Originally Posted by jwalker
Nope. Normal use is to get the bow lifted at high speed and so reduce the wetted area of the hull in order to reduce drag. It is more common not to require bow lift for getting onto the plane. In some prop/hull combinations using a bow lifting prop requires trimming the drive in to prevent the stern bogging down while the boat is lifting onto the plane.
I agree with JW. I was getting a little confused with earlier posts relating to grip/holeshot. I have a Merc. Mirage ss prop. which they claim is bow lifting.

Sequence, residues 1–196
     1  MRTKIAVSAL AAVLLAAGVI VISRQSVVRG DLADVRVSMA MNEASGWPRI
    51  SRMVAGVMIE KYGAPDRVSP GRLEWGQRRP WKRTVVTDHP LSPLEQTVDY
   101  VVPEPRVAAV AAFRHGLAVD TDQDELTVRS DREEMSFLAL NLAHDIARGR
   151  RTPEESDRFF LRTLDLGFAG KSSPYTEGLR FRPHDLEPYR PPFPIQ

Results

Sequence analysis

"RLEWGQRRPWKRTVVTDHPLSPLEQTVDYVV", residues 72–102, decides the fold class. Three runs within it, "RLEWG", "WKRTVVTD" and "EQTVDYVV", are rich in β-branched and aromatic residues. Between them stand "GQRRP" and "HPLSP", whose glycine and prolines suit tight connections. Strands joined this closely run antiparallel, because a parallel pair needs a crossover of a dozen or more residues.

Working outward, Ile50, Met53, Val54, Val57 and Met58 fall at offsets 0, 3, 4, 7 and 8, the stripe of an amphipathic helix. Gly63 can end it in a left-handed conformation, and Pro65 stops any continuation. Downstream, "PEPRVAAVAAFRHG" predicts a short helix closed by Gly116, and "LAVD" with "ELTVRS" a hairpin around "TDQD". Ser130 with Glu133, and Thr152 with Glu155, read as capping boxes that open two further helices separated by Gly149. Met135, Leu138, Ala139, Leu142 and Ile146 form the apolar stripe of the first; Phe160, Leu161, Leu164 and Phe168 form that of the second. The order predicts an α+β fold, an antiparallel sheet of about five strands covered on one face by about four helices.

My limited experience is trim right in for hole shot and then trim out a little. As I get to about 4000rpm the bow lifts further and the boat starts to balance on the planing pad. The change is very noticable; vibration goes to almost zero and engine changes sound to a purr rather than a roar. Only testing I have done is in smooth conditions and I need more practice to get it right every time including adjusting my trim sensor so the gauge is more meaningful. I think it is going to take a few 100 dollars of petrol to learn how to drive the boat properly.